UK-based aerial mapping company Bluesky has won a €2.4m grant to fund research into the development of a web-based renewable energy rating platform. The idea is to use geographic data to assess how suitable individual buildings are for solar energy generation and create a portal to deliver the results online.
Bluesky has made a name for itself by producing thermal maps that local Councils in the UK can use to help address fuel poverty, improve energy efficiency and reduce carbon emissions. This research, which goes under the name of “Development and demonstration of a dynamic, web based, renewable energy rating platform” is funded by the European Commission.
The research will initially use geographic data, such as aerial photography and LiDAR (Light Detection and Ranging – a Radar-like technology) to assess how suitable a property is for producing renewable energy. It will also look at ways that other data can be incorporated. The other aspect of the project is to create a web site that can deliver the results to energy companies, government organisations and others across the EU.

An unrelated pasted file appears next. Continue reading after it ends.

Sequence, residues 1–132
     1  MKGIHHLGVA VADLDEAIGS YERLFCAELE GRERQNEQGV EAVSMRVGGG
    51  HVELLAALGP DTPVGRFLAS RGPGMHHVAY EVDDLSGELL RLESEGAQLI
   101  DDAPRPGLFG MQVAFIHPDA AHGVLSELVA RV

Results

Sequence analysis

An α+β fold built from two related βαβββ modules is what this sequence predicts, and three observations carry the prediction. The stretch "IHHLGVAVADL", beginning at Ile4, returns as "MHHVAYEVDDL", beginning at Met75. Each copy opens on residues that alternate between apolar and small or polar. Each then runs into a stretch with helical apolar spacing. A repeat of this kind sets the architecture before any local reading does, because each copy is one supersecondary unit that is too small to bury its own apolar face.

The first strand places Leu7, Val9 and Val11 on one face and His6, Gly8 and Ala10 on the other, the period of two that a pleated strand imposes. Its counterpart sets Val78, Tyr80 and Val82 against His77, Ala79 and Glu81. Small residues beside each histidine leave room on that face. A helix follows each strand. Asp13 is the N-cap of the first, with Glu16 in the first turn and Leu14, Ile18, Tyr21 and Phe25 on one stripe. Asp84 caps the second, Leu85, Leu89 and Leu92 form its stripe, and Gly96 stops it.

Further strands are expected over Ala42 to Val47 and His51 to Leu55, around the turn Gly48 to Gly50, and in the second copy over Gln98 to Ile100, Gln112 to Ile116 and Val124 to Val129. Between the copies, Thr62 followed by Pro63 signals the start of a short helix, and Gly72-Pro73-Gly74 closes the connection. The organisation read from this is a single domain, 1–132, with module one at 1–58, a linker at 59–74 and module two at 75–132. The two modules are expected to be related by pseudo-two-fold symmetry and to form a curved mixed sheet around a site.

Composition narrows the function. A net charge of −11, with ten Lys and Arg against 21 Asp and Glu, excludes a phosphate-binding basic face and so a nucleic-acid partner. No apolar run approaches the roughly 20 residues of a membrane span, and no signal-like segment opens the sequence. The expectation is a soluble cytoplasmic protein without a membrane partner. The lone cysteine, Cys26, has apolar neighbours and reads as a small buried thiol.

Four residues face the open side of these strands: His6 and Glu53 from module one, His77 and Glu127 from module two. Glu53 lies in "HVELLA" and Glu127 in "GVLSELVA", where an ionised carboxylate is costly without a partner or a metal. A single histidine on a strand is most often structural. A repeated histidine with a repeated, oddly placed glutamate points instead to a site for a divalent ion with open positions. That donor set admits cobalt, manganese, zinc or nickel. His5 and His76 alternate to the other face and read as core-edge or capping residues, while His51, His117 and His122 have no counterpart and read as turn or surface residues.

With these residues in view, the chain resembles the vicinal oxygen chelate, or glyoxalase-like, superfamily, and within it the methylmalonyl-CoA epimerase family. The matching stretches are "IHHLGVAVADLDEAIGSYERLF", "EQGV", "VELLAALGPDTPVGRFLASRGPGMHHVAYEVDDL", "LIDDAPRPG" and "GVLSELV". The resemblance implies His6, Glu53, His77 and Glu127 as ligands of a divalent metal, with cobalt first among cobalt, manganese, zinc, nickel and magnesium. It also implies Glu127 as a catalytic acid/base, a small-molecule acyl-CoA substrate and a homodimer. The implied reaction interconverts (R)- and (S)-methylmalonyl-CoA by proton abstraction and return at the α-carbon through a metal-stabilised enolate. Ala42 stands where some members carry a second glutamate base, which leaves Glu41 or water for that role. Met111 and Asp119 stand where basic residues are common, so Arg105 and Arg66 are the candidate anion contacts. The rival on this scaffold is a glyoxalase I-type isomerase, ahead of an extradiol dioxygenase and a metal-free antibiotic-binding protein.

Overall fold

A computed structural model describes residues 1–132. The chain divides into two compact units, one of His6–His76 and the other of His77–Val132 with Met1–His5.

The initially focus is solar generation, but other types of renewable energy generation, such as wind power and ground source heat pumps, are expected to be added.
The company is working with a number of other organisations across Europe on the project, including the Solar Trade Association in the UK, Svensk Solenergi of Sweden, Solar Macedonia, Alemanys Saludes Asociados from Spain as well as the Universities of Leicester, Karlsruhe in Germany and Selcuk in Turkey.
The first question that any householder has when considering energy saving actions is whether their property is suitable for generating renewable energy, and if so, by what method. The stories of inappropriate systems being installed (solar panels on north-facing roofs, etc) abound. So the availability of some online information which could be used by individual property owners is a great idea. (I would certainly pay for an unbiased snapshot of my house’s potential).
It will be interesting to see what data is included and, hence, how detailed and accurate the assessment is. It’s not going to be perfect, but it just needs to fit requirements of usability, affordability and accuracy. Potentially a great Green IT application, and led by a UK company as well!